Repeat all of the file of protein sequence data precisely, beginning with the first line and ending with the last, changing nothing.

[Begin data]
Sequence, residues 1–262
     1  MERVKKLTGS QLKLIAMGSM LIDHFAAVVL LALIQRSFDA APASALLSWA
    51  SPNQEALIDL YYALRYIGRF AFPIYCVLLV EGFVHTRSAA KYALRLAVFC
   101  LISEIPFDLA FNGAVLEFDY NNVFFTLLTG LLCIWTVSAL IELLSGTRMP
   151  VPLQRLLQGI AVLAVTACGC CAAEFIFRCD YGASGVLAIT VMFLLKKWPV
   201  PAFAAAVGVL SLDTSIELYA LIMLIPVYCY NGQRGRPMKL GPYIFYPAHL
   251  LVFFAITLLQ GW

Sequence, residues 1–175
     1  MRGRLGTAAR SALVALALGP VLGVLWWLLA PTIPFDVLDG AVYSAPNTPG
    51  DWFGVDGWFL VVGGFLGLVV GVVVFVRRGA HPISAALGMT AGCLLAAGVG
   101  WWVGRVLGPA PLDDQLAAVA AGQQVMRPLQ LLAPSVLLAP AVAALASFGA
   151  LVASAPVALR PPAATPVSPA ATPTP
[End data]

Sequence, residues 1–262
     1  MERVKKLTGS QLKLIAMGSM LIDHFAAVVL LALIQRSFDA APASALLSWA
    51  SPNQEALIDL YYALRYIGRF AFPIYCVLLV EGFVHTRSAA KYALRLAVFC
   101  LISEIPFDLA FNGAVLEFDY NNVFFTLLTG LLCIWTVSAL IELLSGTRMP
   151  VPLQRLLQGI AVLAVTACGC CAAEFIFRCD YGASGVLAIT VMFLLKKWPV
   201  PAFAAAVGVL SLDTSIELYA LIMLIPVYCY NGQRGRPMKL GPYIFYPAHL
   251  LVFFAITLLQ GW

Sequence, residues 1–175
     1  MRGRLGTAAR SALVALALGP VLGVLWWLLA PTIPFDVLDG AVYSAPNTPG
    51  DWFGVDGWFL VVGGFLGLVV GVVVFVRRGA HPISAALGMT AGCLLAAGVG
   101  WWVGRVLGPA PLDDQLAAVA AGQQVMRPLQ LLAPSVLLAP AVAALASFGA
   151  LVASAPVALR PPAATPVSPA ATPTP